MINNEAPOLIS — Former Brooklyn Center police officer Kimberly A. Potter was arrested late Wednesday morning at the offices of the state Bureau of Criminal Apprehension, the agency said in a statement.
Potter, who resigned from the police department on Tuesday, will be booked into Hennepin County jail on a charge of probable cause second-degree manslaughter in the shooting death on Sunday of Daunte Wright, according to the BCA. The Washington County Attorney's office was expected to file charges later in the day.
It's at least the third time that a U.S. law enforcement officer will face criminal charges for killing someone in what they claim or what appears to be a mix-up between a gun and a Taser.
A 73-year-old volunteer reserve deputy in Oklahoma was charged with second-degree manslaughter in the 2015 death of Eric Harris. Bay Area Rapid Transit police officer Johannes Mehserle was convicted of involuntary manslaughter in a jury trial and sentenced to two years in prison for the 2009 shooting of Oscar Grant III.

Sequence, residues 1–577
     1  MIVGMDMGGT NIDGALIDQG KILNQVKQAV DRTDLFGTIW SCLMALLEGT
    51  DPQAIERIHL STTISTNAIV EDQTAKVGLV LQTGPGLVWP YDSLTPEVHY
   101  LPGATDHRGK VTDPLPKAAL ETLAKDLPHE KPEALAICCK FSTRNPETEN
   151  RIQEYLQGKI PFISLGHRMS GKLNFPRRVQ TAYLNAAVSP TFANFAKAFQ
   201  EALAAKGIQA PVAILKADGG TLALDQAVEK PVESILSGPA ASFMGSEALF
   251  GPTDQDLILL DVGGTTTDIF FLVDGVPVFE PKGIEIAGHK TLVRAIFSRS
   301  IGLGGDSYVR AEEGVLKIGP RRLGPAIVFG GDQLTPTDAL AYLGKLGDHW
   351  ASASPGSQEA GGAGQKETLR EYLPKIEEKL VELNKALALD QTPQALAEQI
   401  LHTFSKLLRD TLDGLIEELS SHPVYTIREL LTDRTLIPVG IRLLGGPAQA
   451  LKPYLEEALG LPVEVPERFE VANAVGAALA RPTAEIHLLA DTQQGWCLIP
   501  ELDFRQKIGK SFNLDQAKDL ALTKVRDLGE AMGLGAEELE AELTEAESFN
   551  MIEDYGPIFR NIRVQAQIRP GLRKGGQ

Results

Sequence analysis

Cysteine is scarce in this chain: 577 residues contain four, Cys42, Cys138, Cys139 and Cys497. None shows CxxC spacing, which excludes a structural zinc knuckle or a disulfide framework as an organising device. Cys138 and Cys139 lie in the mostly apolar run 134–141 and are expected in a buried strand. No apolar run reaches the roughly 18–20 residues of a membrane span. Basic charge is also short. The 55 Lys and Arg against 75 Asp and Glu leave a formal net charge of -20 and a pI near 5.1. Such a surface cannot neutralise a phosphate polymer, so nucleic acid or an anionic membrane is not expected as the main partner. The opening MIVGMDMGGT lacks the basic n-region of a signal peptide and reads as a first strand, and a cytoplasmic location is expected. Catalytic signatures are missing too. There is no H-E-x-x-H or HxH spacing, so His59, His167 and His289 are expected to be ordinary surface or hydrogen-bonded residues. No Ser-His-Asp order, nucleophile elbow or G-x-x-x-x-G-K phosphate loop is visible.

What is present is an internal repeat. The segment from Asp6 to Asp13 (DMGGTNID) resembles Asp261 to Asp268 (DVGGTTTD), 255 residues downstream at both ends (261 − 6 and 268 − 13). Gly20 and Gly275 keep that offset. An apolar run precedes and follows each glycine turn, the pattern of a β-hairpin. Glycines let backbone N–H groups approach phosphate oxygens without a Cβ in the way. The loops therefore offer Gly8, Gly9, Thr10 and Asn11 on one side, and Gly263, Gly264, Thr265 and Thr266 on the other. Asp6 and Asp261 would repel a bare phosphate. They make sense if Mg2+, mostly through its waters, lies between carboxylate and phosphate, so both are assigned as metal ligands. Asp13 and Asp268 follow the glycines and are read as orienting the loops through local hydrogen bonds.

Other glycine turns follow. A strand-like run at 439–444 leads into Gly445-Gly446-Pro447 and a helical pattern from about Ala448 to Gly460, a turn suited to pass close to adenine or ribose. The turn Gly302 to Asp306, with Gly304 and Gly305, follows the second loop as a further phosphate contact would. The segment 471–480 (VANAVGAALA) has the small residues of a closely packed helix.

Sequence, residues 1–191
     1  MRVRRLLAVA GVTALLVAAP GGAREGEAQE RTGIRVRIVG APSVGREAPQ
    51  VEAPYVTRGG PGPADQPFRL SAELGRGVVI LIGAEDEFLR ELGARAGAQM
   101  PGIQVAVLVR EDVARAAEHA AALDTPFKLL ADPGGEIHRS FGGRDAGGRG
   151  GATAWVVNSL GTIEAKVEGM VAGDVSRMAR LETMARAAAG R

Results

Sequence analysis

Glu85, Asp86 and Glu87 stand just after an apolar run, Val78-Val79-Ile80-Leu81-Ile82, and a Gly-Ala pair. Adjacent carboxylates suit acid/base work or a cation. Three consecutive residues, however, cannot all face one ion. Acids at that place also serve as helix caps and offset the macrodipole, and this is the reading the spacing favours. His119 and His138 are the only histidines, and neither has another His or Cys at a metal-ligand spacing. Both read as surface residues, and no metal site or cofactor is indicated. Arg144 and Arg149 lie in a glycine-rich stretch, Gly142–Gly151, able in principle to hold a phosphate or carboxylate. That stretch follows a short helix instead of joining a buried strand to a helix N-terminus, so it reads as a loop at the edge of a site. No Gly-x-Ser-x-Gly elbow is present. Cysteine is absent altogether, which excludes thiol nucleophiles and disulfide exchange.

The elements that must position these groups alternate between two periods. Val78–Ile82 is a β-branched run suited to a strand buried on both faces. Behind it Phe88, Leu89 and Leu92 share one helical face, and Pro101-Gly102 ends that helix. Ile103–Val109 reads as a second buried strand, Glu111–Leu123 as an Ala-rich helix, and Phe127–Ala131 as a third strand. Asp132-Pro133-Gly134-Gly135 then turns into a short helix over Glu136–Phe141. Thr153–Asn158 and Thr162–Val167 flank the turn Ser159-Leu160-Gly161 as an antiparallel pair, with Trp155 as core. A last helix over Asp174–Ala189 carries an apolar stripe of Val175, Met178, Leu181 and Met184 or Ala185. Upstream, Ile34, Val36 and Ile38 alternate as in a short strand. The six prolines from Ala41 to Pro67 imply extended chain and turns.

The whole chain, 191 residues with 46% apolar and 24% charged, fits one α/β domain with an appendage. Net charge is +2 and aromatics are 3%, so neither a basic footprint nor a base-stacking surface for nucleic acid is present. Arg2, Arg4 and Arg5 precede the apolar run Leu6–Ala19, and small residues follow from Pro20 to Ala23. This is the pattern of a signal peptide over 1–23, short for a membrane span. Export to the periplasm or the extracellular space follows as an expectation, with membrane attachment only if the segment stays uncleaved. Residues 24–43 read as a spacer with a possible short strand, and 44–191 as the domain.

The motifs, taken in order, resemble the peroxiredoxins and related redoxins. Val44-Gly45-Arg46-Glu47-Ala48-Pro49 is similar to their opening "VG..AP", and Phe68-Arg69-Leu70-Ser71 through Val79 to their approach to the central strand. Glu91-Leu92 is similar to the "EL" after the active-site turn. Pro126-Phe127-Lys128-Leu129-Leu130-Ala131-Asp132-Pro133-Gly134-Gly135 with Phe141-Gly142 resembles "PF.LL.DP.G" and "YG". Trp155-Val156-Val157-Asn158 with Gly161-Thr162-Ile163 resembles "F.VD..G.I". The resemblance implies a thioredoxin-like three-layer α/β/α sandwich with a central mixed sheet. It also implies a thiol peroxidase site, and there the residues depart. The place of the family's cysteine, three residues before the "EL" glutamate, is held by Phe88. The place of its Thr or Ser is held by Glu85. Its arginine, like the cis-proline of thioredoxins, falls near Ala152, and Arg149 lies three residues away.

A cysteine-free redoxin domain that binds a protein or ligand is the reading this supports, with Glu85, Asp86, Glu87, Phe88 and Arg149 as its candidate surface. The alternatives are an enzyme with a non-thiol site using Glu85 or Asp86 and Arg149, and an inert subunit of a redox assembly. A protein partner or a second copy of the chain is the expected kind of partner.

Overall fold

Hennepin County Attorney Mike Freeman referred the case to Washington County Attorney Pete Orput under a practice adopted last year among metro area county attorney's offices for deadly police shootings. It calls for the county attorney in the jurisdiction where the shooting took place to refer the case to one of the other counties, or the state attorney general's office, to avoid the appearance of a conflict of interest.
The BCA investigated the shooting.
Potter, 48, joined the Brooklyn Center police force in 1995 at age 22. She was placed on standard administrative leave following the shooting.
She is being represented by attorney Earl Gray, who was not immediately available for comment.
Attorney Ben Crump, who said he and co-counsel Jeff Storms have been retained by Wright's family, issued a statement Wednesday calling the charges welcome.
"While we appreciate that the district attorney is pursuing justice for Daunte, no conviction can give the Wright family their loved one back. This was no accident. This was an intentional, deliberate, and unlawful use of force," the statement read. "Driving while Black continues to result in a death sentence. A 26-year veteran of the force knows the difference between a taser and a firearm."